What I’ve learned about being angry with people is that it generally hurts you more than it hurts them.
—Oprah Winfrey (American TV Personality)
Men have called me mad; but the question is not yet settled, whether madness is or is not the loftiest intelligence—whether much that is glorious—whether all that is profound—does not spring from the disease of thought—from moods of mind exalted at the expense of the general intellect.
—Edgar Allan Poe (American Poet)
Freedom is about the willingness of every single human being to cede to lawful authority a great deal of discretion about what you do, and how you do it.
—Rudy Giuliani (American Politician)
Hard work and a proper frame of mind prepare you for the lucky breaks that come along—or don’t.
—Harrison Ford (American Actor)
That is the true season of love, when we believe that we alone can love, that no one could ever have loved so before us, and that no one will love in the same way after us.
—Johann Wolfgang von Goethe (German Poet)
Men are alike in their promises. It is only in their deeds that they differ.
—Moliere (French Playwright)
Like other practicing historians, I am often asked what the “lessons of history” are. I answer that the only lesson I have learnt from studying the past is that there are no permanent winners and losers.
—Ramachandra Guha (Indian Historian)
To tell the truth is the same as to be a good tailor, or to be a good farmer, or to write beautifully. To be good at any activity requires practice: no matter how hard you try, you cannot do naturally what you have not done repeatedly. In order to get accustomed to speaking the truth, you should tell only the truth, even in the smallest of things.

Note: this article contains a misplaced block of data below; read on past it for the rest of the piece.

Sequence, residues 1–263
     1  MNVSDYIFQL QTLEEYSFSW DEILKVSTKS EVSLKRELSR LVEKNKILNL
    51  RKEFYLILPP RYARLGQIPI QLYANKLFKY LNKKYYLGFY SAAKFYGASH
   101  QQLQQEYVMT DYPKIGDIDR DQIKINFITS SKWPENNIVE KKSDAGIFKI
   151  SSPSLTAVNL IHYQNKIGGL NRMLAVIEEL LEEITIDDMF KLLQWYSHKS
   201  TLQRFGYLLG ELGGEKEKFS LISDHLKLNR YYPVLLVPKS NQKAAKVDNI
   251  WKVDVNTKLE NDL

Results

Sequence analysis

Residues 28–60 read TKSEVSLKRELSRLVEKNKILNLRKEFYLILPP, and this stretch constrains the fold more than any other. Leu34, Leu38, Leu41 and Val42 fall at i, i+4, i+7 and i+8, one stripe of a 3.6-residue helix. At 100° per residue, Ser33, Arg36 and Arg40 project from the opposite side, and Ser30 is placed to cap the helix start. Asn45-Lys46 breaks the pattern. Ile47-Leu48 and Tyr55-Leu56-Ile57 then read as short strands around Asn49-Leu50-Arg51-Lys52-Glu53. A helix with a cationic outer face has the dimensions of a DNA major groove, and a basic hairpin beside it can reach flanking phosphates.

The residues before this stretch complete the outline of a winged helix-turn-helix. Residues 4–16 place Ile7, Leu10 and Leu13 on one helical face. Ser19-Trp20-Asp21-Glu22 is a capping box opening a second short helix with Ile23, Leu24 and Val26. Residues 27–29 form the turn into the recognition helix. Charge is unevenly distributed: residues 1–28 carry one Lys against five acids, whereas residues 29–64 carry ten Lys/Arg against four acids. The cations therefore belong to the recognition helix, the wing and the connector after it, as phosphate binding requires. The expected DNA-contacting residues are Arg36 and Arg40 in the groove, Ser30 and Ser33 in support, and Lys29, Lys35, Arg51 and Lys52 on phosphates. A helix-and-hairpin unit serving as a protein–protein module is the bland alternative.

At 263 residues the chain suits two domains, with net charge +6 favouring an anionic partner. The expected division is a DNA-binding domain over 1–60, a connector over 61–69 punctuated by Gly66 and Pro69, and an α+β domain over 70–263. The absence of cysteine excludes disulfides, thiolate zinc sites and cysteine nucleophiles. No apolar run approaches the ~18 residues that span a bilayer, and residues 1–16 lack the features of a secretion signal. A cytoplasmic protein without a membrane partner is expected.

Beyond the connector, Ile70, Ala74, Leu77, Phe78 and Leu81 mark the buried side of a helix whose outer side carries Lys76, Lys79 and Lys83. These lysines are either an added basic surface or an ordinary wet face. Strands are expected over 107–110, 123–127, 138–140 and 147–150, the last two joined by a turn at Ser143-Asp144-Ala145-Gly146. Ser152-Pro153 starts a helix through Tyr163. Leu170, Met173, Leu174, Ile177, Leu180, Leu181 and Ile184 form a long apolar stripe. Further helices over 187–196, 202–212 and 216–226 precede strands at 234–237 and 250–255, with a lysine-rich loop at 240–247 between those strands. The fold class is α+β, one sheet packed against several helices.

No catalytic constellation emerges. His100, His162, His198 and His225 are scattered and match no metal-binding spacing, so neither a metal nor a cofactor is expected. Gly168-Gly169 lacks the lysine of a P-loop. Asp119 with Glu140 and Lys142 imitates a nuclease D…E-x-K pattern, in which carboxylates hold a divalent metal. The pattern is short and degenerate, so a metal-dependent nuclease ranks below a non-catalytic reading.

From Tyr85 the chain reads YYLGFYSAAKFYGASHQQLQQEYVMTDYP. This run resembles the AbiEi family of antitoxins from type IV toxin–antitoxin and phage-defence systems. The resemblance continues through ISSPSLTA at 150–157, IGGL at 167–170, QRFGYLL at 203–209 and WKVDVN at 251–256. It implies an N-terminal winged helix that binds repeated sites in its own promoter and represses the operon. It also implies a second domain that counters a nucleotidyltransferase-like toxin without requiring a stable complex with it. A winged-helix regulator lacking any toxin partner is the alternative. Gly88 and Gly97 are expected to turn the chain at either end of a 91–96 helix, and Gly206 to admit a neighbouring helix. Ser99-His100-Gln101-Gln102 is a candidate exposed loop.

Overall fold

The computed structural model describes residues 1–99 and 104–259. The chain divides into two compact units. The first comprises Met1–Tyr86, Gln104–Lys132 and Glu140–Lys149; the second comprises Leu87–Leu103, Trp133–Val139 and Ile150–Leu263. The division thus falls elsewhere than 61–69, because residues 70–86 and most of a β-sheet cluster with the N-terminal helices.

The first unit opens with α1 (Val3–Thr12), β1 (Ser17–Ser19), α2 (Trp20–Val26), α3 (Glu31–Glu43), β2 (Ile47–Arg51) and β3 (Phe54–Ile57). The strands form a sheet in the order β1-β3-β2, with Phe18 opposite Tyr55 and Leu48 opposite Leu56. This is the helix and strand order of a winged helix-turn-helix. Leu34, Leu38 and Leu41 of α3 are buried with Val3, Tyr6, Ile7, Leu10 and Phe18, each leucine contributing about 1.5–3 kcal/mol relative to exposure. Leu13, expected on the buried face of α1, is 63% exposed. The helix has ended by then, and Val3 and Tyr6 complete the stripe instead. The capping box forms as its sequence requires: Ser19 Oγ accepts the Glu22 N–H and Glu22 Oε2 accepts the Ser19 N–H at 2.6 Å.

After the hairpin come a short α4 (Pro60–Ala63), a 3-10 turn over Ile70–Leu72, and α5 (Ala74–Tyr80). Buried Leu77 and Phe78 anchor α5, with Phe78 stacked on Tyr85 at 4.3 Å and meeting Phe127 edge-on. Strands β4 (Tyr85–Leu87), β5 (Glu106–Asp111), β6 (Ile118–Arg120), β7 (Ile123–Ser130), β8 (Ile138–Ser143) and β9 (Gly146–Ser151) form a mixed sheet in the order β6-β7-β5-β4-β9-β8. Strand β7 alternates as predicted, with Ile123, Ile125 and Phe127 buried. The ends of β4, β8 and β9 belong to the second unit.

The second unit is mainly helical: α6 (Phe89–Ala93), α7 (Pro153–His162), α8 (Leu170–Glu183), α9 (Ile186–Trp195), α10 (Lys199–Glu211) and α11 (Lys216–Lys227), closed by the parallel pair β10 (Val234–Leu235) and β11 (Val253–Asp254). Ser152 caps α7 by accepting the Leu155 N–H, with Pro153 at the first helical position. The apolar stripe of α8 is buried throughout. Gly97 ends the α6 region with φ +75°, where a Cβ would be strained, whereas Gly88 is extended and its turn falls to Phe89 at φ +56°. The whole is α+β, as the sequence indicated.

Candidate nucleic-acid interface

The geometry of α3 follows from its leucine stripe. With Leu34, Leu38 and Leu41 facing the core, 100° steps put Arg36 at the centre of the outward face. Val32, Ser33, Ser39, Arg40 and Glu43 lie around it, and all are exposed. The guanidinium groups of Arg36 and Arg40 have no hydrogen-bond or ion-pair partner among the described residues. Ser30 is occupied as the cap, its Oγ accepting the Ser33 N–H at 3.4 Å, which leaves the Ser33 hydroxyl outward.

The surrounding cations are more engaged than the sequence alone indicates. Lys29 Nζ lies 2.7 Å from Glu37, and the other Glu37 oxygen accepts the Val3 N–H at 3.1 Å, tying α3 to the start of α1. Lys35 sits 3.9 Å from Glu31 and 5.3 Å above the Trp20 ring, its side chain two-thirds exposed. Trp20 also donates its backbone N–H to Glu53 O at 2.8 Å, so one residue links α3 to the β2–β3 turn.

—Leo Tolstoy (Russian Novelist)
No act of kindness, however small, is ever wasted.
—Aesop (Greek Fabulist)
The notion of a universality of human experience is a confidence trick and the notion of a universality of female experience is a clever confidence trick.
—Angela Carter (English Novelist, Short Story Writer)
The difference between a simpleton and an intelligent man, according to the man who is convinced that he is of the latter category, is that the former wholeheartedly accepts all things that he sees and hears while the latter never admits anything except after a most searching scrutiny. He imagines his intelligence to be a sieve of closely woven mesh through which nothing but the finest can pass.
—R. K. Narayan (Indian Novelist, Short-story Writer)
From a management standpoint, it is very important to know how to unleash people’s inborn creativity. My concept is that anybody has creative ability, but very few people know how to use it.
—Akio Morita (Japanese Entrepreneur, Engineer)
The effect of having other interests beyond those domestic works well. The more one does and sees and feels, the more one is able to do, and the more genuine may be one’s appreciation of fundamental things like home, and love, and understanding companionship.
—Amelia Earhart (American Aviator)